Apoptosis signal-regulating kinase 1 inhibits hepatocarcinogenesis by controlling the tumor-suppressing function of stress-activated mitogen-activated protein kinase.
ABSTRACT The stress-activated mitogen-activated protein kinases (MAPKs), c-Jun NH2-terminal kinase (JNK), and p38 have been implicated in hepatocarcinogenesis. Although the many interrelated functions of JNK and p38 are precisely regulated by upstream signaling molecules, little is known about upstream regulators. We investigated the role of apoptosis signal-regulating kinase 1 (ASK1), a major player in the regulation of JNK and p38 activities, in hepatocarcinogenesis using a mouse hepatocellular carcinoma (HCC) model. ASK1-deficient (ASK1(-/-) ) and wildtype (WT) mice were treated with diethylnitrosamine on postnatal day 14. Strikingly, after 7 months, approximately three times as many tumors developed in ASK1(-/-) mice as in WT mice. Although JNK and p38 activation were attenuated in ASK1(-/-) HCCs relative to WT HCCs, cell proliferation was comparable in HCCs from both types of mice. On the other hand, both cancer cell apoptosis and hyperphosphorylation of BimEL, a proapoptotic Bcl-2 family member, were suppressed in the ASK1(-/-) HCCs. ASK1(-/-) mice showed remarkable resistance to Fas-induced hepatocyte apoptosis in vivo, probably because of attenuated JNK-mediated BimEL phosphorylation and mitochondrial apoptotic pathway activation. The reintroduction of ASK1 to ASK1(-/-) mouse liver using an adenoviral vector restored Fas-induced hepatocyte death and phosphorylation of JNK and BimEL. Similar findings were obtained in tumor necrosis factor alpha-induced hepatocyte apoptosis. Furthermore, ASK1 was involved in DNA damage-induced p21 up-regulation through a p38 pathway. CONCLUSION: ASK1 is involved in death receptor-mediated apoptosis and DNA-damage response by way of stress-activated MAPK in the liver, and thus acts as a tumor suppressor in hepatocarcinogenesis. This study provides new insight into the regulation of stress- activated MAPK signaling in hepatocarcinogenesis.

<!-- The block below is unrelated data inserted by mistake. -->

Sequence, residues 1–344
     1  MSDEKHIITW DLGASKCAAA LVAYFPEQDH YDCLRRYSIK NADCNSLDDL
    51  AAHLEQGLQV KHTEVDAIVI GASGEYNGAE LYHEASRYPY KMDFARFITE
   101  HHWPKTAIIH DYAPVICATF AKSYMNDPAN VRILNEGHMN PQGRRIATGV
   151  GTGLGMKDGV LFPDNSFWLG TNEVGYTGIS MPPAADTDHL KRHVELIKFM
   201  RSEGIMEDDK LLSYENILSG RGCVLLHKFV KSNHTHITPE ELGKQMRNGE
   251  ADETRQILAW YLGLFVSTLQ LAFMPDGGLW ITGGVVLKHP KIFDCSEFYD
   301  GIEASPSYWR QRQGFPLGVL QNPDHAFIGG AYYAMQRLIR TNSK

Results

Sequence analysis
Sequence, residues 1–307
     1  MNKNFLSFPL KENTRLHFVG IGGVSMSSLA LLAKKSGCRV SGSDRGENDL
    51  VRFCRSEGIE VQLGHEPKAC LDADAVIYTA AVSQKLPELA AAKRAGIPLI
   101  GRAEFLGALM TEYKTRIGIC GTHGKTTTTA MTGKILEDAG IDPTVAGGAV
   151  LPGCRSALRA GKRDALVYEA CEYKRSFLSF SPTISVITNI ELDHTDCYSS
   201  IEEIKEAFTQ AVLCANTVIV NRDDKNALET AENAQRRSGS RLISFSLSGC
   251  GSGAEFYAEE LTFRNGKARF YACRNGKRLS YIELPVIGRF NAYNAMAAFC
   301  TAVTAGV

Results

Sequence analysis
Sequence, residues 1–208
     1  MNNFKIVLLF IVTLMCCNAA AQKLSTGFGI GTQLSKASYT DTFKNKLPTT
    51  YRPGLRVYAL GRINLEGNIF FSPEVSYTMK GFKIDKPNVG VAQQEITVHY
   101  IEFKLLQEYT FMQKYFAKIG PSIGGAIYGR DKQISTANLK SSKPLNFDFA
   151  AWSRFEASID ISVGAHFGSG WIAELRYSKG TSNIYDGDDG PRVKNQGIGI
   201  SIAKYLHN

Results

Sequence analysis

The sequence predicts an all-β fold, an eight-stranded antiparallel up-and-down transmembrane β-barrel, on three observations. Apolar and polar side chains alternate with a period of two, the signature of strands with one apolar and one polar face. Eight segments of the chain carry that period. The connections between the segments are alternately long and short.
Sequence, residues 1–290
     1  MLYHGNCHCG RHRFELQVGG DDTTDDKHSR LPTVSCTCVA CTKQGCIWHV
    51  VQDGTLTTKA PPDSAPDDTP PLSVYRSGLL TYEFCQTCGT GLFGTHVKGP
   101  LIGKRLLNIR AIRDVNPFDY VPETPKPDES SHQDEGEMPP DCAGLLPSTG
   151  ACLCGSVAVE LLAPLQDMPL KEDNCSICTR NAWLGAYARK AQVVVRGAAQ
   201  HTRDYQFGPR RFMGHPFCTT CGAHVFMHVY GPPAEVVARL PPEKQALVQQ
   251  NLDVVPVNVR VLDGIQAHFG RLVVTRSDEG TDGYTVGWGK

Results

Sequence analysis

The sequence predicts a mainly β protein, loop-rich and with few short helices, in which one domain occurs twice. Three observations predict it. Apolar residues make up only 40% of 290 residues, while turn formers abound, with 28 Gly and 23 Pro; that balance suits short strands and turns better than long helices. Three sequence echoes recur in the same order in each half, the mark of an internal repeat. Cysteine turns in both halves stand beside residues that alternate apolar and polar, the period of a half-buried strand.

Article: Differential p38-dependent signalling in response to cellular stress and mitogenic stimulation in fibroblasts.[show abstract] [hide abstract]
ABSTRACT: p38 MAP kinase is known to be activated by cellular stress finally leading to cell cycle arrest or apoptosis. Furthermore, a tumour suppressor role of p38 MAPK has been proposed. In contrast, a requirement of p38 for proliferation has also been described. To clarify this paradox, we investigated stress- and mitogen-induced p38 signalling in the same cell type using fibroblasts. We demonstrate that - in the same cell line - p38 is activated by mitogens or cellular stress, but p38-dependent signalling is different. Exposure to cellular stress, such as anisomycin, leads to a strong and persistent p38 activation independent of GTPases. As a result, MK2 and downstream the transcription factor CREB are phosphorylated. In contrast, mitogenic stimulation results in a weaker and transient p38 activation, which upstream involves small GTPases and is required for cyclin D1 induction. Consequently, the retinoblastoma protein is phosphorylated and allows G1/S transition. Our data suggest a dual role of p38 and indicate that the level and/or duration of p38 activation determines the cellular response, i.e either proliferation or cell cycle arrest.Cell Communication and Signaling 03/2012; 10:6. · 5.50 Impact Factor